Former Israeli Prime Minister And President Shimon Peres Dies At 93
One of the last survivors of Israel's founding generation has passed away.
Shimon Peres, one of the last surviving members of Israel’s founding generation who during his long career served as the nation’s Defense Minister, Minister of Foreign Affairs, Prime Minister, and President, has died at 93:
Shimon Peres, one of the last surviving pillars of Israel’s founding generation, who did more than anyone to build up his country’s formidable military might, then worked as hard to establish a lasting peace with Israel’s Arab neighbors, died on Wednesday in a Tel Aviv area hospital. He was 93.
His death was announced by his son Nehemya Peres, who is known as Chemi, and his personal physician and son-in-law Dr. Rafi Walden, outside the Sheba Medical Center, where he had been hospitalized for the last two weeks.
Mr. Peres died just over two weeks after suffering a stroke. Doctors kept him largely unconscious and on a breathing tube since then in hopes that it would give his brain a chance to heal. But he deteriorated as the nation he once led watched his last battle play out publicly and leaders from around the world sent wishes for his recovery.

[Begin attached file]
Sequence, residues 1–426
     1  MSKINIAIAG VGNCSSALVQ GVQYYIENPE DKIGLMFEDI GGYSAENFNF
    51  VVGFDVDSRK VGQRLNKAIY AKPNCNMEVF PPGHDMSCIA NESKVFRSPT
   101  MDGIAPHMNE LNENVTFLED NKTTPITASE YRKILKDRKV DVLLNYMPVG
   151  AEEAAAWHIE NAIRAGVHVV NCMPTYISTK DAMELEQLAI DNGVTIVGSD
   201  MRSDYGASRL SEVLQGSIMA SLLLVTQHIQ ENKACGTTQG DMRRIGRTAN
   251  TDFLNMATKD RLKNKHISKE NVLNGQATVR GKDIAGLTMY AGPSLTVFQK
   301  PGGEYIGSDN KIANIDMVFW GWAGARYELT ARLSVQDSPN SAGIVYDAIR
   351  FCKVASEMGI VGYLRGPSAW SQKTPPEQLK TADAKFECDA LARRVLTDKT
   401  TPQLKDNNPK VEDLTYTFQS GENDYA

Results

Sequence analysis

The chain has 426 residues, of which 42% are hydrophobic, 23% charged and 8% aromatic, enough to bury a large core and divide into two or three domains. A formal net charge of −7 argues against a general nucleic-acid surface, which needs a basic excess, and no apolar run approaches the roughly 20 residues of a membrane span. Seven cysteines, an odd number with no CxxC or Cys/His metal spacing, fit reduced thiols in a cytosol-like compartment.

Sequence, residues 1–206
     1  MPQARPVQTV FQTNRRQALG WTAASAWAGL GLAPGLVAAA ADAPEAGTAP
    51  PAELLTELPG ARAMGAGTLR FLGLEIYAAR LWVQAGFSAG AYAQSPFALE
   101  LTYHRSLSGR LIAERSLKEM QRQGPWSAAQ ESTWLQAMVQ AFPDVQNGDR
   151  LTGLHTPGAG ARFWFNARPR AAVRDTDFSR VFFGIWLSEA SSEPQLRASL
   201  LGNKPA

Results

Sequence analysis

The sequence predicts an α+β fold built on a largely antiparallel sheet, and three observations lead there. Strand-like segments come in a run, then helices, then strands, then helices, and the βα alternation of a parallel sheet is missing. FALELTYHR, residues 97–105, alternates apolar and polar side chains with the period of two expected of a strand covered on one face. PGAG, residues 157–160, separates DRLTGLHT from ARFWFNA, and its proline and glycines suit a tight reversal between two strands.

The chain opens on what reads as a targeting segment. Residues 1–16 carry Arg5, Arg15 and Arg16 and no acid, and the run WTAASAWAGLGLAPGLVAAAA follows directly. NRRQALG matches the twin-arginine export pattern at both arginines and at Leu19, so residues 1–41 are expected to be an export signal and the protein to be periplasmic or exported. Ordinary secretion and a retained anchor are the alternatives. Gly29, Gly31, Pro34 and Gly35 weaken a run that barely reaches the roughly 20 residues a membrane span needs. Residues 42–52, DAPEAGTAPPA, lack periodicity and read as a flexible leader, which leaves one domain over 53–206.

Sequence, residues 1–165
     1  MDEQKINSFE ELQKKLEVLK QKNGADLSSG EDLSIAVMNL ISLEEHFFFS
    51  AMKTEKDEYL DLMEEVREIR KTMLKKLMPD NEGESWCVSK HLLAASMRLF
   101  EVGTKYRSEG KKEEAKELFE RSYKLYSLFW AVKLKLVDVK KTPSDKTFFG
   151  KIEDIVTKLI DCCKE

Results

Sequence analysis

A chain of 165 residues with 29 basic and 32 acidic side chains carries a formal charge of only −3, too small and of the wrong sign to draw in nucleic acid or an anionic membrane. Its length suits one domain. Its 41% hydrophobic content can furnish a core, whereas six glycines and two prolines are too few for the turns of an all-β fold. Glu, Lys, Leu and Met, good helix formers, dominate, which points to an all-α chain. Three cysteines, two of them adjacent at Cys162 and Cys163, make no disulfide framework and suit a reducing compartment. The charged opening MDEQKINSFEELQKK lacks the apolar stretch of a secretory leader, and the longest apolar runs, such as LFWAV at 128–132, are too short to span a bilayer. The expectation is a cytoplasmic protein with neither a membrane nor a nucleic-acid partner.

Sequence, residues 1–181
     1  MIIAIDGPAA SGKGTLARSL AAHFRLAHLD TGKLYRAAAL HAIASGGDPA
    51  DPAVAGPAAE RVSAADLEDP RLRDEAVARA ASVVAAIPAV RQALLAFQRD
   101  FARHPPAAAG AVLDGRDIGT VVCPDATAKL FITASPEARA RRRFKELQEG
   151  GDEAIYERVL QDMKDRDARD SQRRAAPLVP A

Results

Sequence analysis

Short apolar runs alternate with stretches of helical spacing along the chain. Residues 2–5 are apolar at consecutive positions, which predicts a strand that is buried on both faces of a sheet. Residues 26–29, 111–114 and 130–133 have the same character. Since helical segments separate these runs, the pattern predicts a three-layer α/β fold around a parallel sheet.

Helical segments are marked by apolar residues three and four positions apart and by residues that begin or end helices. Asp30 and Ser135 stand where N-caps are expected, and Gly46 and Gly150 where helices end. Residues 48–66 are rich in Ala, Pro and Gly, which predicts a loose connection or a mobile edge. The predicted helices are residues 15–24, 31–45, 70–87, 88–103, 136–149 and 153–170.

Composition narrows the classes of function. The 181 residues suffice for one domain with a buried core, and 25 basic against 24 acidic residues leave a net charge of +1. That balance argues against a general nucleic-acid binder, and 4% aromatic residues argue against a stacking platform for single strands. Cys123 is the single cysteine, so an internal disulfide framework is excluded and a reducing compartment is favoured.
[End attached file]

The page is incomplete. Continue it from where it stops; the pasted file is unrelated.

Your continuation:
As prime minister (twice); as minister of defense, foreign affairs, finance and transportation; and, until 2014, as president, Mr. Peres never left the public stage during Israel’s seven decades.
He led the creation of Israel’s defense industry, negotiated key arms deals with France and Germany and was the prime mover behind the development of Israel’s nuclear weapons. But he was consistent in his search for an accommodation with the Arab world, a search that in recent years left him orphaned as Israeli society lost interest, especially after the upheavals of the 2011 Arab Spring led to tumult on its borders.
Chosen by Parliament in 2007 to serve a seven-year term as president, Mr. Peres had complicated relations with the hawkish government of Prime Minister Benjamin Netanyahu, elected in 2009. While largely a ceremonial post, the presidency afforded Mr. Peres a perch with access and public attention, and he tried to exert his influence.